Let me also note that these numbers should be taken as indications only. It is futile to try to extrapolate some benchmark results to your application when it comes to databases. The only reliable approach is to create a custom test that mimics your application’s data, concurrency, and access patterns. Luckily, with ODB, creating such a test is a very easy job. You can use the above-mentioned benchmark source code as a starting point.
Another big feature in this release is support for optimistic concurrency. To make a persistent class “optimistic”, all we have to do is declare it as such and add an integer data member that will store the object version. For example:
#pragma db object optimistic
#pragma db version
unsigned long version_;
Now, whenever we update the state of the
person object in the database, ODB will check if it has in the meantime been modified by someone else and throw the
odb::object_changed exception if that’s the case. Chapter 11, “Optimistic Concurrency” in the ODB Manual has more information as well as a nice overview of the optimistic concurrency concept, if you are not familiar with the idea.
SQL statement execution tracing
Quite a few ODB users asked us to provide a way to trace SQL statements that are being executed as a result of database operations. While the database can normally provide a log of SQL statements, being able to do this from the application has a number of advantages. In particular, this way we can trace SQL statements only for a specific transaction, or even a specific set of ODB operations.
ODB allows us to specify a tracer on the database, connection, and transaction levels. We can either provide our own implementation of the tracer interface (
odb::tracer), or we can pass the built-in
odb::stderr_tracer implementation that prints the statements to
STDERR. This example shows how we can trace all the statements executed on a specific database:
odb::database& db = ...;
Alternatively, we can trace only a specific transaction:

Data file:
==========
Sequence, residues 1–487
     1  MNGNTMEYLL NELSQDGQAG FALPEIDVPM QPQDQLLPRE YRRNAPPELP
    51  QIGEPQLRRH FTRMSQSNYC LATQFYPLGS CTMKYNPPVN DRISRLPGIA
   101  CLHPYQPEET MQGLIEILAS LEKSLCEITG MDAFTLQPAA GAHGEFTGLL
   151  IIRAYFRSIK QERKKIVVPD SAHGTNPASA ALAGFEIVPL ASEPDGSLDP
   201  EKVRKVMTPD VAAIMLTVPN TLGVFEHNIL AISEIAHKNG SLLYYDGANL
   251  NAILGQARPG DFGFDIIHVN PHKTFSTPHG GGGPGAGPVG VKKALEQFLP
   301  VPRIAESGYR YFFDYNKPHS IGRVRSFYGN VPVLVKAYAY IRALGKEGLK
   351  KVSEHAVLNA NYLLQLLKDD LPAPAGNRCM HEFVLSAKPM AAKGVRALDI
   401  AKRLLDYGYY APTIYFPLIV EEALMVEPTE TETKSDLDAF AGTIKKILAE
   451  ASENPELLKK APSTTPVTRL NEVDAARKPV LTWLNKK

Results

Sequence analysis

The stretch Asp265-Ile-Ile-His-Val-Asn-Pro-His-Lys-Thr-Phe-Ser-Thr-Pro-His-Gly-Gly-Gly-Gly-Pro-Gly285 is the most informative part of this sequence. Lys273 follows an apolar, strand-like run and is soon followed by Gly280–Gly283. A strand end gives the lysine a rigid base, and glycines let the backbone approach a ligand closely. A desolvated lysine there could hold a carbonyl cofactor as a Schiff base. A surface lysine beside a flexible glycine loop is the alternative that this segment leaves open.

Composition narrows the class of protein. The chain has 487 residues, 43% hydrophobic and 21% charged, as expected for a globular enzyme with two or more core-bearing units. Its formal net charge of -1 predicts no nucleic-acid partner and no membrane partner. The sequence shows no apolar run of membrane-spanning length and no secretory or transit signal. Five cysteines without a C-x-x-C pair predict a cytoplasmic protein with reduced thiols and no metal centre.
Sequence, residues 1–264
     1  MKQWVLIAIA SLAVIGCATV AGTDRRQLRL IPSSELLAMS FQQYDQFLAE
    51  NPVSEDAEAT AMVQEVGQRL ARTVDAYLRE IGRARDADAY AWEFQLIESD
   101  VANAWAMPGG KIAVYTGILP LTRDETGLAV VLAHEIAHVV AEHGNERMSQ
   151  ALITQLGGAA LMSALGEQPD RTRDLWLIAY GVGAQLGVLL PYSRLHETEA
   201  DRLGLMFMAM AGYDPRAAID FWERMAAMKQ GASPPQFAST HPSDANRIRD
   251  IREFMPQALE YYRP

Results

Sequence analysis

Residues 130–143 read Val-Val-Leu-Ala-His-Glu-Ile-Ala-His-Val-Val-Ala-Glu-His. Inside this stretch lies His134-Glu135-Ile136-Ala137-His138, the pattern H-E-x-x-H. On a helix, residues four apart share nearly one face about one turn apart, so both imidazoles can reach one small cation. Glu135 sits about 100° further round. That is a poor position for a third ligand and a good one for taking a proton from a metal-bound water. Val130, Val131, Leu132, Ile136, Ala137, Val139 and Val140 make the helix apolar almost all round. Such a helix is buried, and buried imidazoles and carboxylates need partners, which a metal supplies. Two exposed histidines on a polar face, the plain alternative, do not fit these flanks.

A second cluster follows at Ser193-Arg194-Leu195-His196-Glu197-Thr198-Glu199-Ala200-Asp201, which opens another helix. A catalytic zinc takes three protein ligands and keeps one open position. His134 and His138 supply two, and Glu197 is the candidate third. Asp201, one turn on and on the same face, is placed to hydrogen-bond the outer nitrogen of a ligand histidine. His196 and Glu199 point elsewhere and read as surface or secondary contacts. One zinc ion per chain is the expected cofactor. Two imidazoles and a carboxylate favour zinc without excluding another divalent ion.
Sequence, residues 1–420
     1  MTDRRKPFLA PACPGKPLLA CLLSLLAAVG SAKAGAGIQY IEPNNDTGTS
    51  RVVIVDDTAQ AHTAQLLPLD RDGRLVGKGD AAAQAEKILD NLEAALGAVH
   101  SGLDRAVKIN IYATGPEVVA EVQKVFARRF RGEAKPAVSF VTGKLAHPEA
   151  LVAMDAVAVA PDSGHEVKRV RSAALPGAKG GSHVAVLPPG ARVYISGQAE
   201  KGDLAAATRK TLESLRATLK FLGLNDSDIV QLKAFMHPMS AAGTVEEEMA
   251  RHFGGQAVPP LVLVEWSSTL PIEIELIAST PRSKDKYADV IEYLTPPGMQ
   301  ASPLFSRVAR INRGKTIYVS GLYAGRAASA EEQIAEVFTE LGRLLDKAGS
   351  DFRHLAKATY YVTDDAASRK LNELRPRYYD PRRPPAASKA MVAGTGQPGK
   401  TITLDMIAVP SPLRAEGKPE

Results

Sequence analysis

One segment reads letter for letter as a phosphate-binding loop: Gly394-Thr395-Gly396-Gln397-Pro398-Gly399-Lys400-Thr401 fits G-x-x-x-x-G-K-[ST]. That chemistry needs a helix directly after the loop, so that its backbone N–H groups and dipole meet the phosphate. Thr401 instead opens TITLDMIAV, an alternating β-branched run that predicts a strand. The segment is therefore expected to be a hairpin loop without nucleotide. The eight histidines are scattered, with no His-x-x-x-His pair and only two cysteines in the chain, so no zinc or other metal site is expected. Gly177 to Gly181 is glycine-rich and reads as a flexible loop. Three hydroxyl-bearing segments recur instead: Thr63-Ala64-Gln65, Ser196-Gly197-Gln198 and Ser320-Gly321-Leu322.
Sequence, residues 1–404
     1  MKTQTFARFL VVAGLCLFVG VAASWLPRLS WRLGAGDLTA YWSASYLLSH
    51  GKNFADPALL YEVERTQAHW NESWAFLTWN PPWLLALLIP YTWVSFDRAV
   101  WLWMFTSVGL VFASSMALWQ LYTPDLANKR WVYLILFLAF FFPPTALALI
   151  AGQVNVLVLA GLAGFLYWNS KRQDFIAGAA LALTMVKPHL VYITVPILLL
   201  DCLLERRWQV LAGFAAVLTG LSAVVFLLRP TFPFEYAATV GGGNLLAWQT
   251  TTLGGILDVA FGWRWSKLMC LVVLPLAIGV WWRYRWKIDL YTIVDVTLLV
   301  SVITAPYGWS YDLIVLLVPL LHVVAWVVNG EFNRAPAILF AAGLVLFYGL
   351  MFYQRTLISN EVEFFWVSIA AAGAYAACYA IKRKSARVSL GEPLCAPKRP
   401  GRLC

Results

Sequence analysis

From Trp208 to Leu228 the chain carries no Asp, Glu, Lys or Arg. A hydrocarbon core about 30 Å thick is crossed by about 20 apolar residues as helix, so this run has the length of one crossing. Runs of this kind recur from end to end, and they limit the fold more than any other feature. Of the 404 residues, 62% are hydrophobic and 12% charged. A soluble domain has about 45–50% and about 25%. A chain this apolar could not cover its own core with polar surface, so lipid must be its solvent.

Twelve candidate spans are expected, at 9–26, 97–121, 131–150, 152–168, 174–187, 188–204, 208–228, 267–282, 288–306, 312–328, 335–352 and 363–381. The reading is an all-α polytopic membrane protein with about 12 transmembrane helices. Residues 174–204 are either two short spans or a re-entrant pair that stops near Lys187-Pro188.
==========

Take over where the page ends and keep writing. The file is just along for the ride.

transaction t (db.begin ());
Or even a single database operation:
transaction t (db.begin ());
For more information on the new tracing support, see Section 3.12 “Tracing SQL Statement Execution” in the ODB Manual.
Read-only/const data members
ODB now allows you to mark data members as being read-only. Changes to such data members are ignored when updating the database state of an object. For example:
#pragma db object
#pragma db readonly
ODB automatically treats
const data members as read-only. It is also possible to declare the whole persistent class as read-only.
Read-only members are primarily useful when dealing with asynchronous changes to the state of a data member in the database which should not be overwritten. In other cases, where the state of a data member never changes, declaring such a member read-only allows ODB to perform more efficient object updates. In such cases, however, it is conceptually more correct to declare such a data member as
const rather than as read-only. So, the above example is probably better re-written like this:
#pragma db object
const std::string name_;
Persistent classes without object ids
Up until this release every persistent class had to have an object id (which translates to
PRIMARY KEY in the database). But as it is sometimes desirable to have a table without the primary key, so it is sometimes desirable to have an object without an object id. With this release ODB adds support for persistent classes without object identifiers. Note, however, that such classes have to be explicitly declared as not having an object id:
#pragma db object id()
Such classes also have limited functionality. In particular, they cannot be loaded with the
database::find() functions, updated with the
database::update() function, or deleted with the
database::erase() function. To load and delete objects without ids you can use the
database::erase_query() functions, respectively. There is no way to update such objects except by using native SQL statements.